In Brave Bitsy And The Bear, Bitsy is a small toy rabbit who falls out of her girl’s pocket in the woods. Lost and all alone, she finds her way home with the help of a big, sleepy bear. (Ah, but will bear make it back to his cave before he falls into hibernation?)
In real life, Pink Rabbit – pictured above – is a small toy rabbit who got left behind somewhere in Gloucester and hasn’t been seen since. He didn’t have much chance of finding a bear to help him, and he hasn’t found his way home.
Ariel’s grief was overwhelming and palpable. Once she realised that after retracing our steps unsuccessfully we were going to stop looking and head home, she cried his name over and over. His loss changed everything. It was so hard: mothers are supposed to be able to fix anything, yet there was nothing I could do but help her through her grief and her guilt and her loss. What do you say? To her, Pink Rabbit was a real person with hopes and dreams and fears, a person who had his own rich life but who nevertheless had been there for her always, whenever she needed him.
Perhaps this is why we make up stories for our children. We pretend that what is, isn’t. Because what is, is hard to take.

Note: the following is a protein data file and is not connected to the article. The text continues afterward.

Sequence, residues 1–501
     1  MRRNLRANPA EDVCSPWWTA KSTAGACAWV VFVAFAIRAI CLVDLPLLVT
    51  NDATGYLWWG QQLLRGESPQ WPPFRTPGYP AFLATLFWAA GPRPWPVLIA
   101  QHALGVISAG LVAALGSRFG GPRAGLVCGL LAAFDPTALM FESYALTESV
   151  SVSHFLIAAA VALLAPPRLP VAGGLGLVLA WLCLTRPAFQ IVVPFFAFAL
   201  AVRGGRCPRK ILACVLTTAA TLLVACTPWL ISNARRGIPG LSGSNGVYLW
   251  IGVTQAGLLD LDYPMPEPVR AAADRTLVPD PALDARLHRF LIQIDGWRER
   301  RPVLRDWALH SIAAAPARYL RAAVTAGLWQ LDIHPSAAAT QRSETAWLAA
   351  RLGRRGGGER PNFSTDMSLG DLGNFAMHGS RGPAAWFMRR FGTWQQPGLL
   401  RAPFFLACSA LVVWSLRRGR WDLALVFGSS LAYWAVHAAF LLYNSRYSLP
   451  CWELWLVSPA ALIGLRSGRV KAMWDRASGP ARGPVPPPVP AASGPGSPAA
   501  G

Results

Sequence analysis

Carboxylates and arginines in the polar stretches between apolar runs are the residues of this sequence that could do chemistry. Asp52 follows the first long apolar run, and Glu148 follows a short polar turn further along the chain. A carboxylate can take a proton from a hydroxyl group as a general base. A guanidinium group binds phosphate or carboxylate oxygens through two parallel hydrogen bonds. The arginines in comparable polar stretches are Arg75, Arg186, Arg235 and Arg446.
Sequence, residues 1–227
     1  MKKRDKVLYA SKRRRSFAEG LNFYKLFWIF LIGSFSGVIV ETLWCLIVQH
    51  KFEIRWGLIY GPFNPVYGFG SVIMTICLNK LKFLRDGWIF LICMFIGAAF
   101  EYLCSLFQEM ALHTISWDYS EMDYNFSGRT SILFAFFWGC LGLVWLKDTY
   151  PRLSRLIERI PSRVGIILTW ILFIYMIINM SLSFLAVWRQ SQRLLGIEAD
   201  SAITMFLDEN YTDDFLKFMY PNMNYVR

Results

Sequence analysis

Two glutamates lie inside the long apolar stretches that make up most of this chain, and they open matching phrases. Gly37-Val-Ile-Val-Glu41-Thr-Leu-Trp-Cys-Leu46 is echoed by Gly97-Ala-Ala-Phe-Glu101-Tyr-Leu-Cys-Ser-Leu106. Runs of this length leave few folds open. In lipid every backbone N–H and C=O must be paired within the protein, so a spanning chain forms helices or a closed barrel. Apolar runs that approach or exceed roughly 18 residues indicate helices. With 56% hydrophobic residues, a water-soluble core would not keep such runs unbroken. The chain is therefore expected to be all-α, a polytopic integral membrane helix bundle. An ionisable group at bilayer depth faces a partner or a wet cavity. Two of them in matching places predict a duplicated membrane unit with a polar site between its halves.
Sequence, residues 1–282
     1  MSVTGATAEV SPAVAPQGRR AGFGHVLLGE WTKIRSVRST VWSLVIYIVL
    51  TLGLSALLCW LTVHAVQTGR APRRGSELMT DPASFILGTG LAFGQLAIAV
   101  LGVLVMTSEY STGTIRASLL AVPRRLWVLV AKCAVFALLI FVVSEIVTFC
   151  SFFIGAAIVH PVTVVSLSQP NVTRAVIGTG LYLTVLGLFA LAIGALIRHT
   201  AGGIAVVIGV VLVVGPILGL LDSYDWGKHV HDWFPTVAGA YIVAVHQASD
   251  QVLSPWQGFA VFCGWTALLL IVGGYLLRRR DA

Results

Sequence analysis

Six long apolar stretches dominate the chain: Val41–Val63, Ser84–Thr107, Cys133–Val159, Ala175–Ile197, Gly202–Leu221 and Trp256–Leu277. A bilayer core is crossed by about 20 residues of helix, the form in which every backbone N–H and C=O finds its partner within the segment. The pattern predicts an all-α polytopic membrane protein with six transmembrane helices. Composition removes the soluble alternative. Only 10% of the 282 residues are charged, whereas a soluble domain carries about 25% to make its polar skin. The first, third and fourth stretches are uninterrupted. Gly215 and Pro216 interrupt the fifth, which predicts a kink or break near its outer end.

Right now, all we can do is to hope that Pink Rabbit is having an adventure. We couldn’t find him, so he must have gone somewhere. Perhaps he is in the jungle, perhaps he has gone to the South Pole to look at the penguins, or to the North Pole to make friends with a polar bear. Maybe he will send us a letter or call us on the phone.
When she got home today she said – Where’s pink rabbit, has he come home yet? I gave him to you, mummy, and you lost him, didn’t you.
Ah, love, he escaped to be a wild free travelling rabbit. He might come back when he’s been all around the world. Bitsy found her way home. In real life, we’ll just have to wait and see. Rabbits don’t always come back.
If anyone sees this rabbit: please ask him to come home, or at least to send a postcard.